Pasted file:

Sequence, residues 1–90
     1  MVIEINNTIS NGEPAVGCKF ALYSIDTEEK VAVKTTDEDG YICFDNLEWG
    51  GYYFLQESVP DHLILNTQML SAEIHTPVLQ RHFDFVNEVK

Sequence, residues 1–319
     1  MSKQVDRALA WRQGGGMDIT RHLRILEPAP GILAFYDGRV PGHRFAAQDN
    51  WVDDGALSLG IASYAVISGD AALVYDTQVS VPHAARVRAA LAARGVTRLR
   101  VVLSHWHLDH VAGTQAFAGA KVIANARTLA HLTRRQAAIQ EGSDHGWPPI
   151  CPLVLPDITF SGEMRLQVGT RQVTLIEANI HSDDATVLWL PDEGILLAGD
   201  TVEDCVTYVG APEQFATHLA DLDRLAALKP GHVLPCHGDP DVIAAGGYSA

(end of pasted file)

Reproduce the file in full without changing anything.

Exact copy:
Sequence, residues 1–90
     1  MVIEINNTIS NGEPAVGCKF ALYSIDTEEK VAVKTTDEDG YICFDNLEWG
    51  GYYFLQESVP DHLILNTQML SAEIHTPVLQ RHFDFVNEVK

Sequence, residues 1–319
     1  MSKQVDRALA WRQGGGMDIT RHLRILEPAP GILAFYDGRV PGHRFAAQDN
    51  WVDDGALSLG IASYAVISGD AALVYDTQVS VPHAARVRAA LAARGVTRLR
   101  VVLSHWHLDH VAGTQAFAGA KVIANARTLA HLTRRQAAIQ EGSDHGWPPI
   151  CPLVLPDITF SGEMRLQVGT RQVTLIEANI HSDDATVLWL PDEGILLAGD
   201  TVEDCVTYVG APEQFATHLA DLDRLAALKP GHVLPCHGDP DVIAAGGYSA